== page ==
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Student Loan-Gate

An open secret: Student lenders pay various kickbacks to financial aid offices to drive business their way, rather than negotiate the best deals for students.
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New York State Attorney General Andrew Cuomo has got the student loan industry running scared by pointing out an open secret: Student lenders pay various kickbacks to financial aid offices to drive business their way, rather than negotiate the best deals for students. With barely a few letters sent, six schools have agreed to repay students $3.27 million on private loans, while Citibank, one of the largest student lenders, is paying $2 million into a financial education fund.

No one is admitting any wrongdoing. But cash speaks louder than words. $5 million, in an $85 billion industry, is a small price to pay to deflect further scrutiny of the obvious conflicts of interest inherent in this system. To take another example, lenders have been involved in marketing "enrollment management" software to help financial aid offices allocate grant aid to the most attractive students, leaving needier students to borrow more.

When I wrote my first piece about the student debt crisis in the Village Voice in June 2004, the future looked grim. Average student loan burdens doubled in the 1990s to nearly $20,000, and in February 2006, barely a year ago, Congress passed the largest cuts to student aid in history .

I never would have guessed that the tide would turn so quickly and that the loan industry, with its fat profits, billions in government subsidies, private jets and baseball teams, would be on the defensive. But here we are.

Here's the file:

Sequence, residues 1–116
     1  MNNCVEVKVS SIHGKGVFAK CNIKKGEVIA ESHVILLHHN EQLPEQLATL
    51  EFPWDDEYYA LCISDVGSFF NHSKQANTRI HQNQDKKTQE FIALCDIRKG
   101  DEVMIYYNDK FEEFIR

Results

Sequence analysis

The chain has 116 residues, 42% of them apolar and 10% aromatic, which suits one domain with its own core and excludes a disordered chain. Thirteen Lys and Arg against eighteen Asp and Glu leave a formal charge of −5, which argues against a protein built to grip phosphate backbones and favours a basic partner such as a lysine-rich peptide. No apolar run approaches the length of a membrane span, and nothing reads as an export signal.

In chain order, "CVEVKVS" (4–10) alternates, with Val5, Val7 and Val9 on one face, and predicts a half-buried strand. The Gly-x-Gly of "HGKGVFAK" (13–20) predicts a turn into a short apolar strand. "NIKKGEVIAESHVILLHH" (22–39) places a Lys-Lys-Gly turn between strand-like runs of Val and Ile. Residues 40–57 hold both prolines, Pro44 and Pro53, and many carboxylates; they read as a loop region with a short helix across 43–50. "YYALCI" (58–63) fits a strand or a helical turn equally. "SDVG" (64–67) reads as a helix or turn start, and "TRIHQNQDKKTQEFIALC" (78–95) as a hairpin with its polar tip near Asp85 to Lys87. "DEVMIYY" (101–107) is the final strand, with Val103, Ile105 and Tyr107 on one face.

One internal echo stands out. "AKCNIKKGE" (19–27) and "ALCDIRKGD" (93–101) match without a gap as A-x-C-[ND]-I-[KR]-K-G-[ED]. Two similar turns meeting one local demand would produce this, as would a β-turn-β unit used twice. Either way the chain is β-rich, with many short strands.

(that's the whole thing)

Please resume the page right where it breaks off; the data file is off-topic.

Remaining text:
Cuomo's investigation has already found its counterpoint in Senator Kennedy's Student Loan Sunshine Act, which would bring full disclosure to the process. This is part of a larger bundle of reforms and relief packages, many with bipartisan support.

A 50% student loan interest rate cut was the most popular measure passed in the Dem's first 100 hours. Then, in a real surprise, Bush proposed a hike in the largest federal student grant from just over $4,000 to $5,400, to be paid for by a half-a-percentage point cut in lender subsidies--a move described by analysts as "throwing the student loan industry under the bus."

I say, let them go play in traffic. There's a much-cheaper-for-taxpayers student loan alternative that already serves 1/4 of the market: The Direct Loan Program. Switching, as described in the reintroduced STAR Act, would save billions we could then use for much needed grant aid. And a "single payer" Direct Loan program would save on marketing costs and limit the potential for scandals like the current one.

BREAKING NEWS UPDATE: From the New America Foundation's Higher Ed Watch blog, referred to me by an alert reader--

"...Several financial aid administrators...had significant personal investments in a publicly traded, for-profit student loan company. Following a request for university comment, an implicated Dean [at Columbia University] was placed on leave by his parent institution."

The three college aid advisors--Lawrence Burt of University of Texas at Austin, David Charlow of Columbia University, and Catherine Thomas of University of Southern California--were compensated with stock options for sitting on an "advisory board" at the same time that their schools had Student Loan XPress as a preferred lender. In Charlow's case, the options were worth about $72,000, and Student Loan Xpress was by far the school's biggest private lender. Cuomo is issuing fresh subpoenas.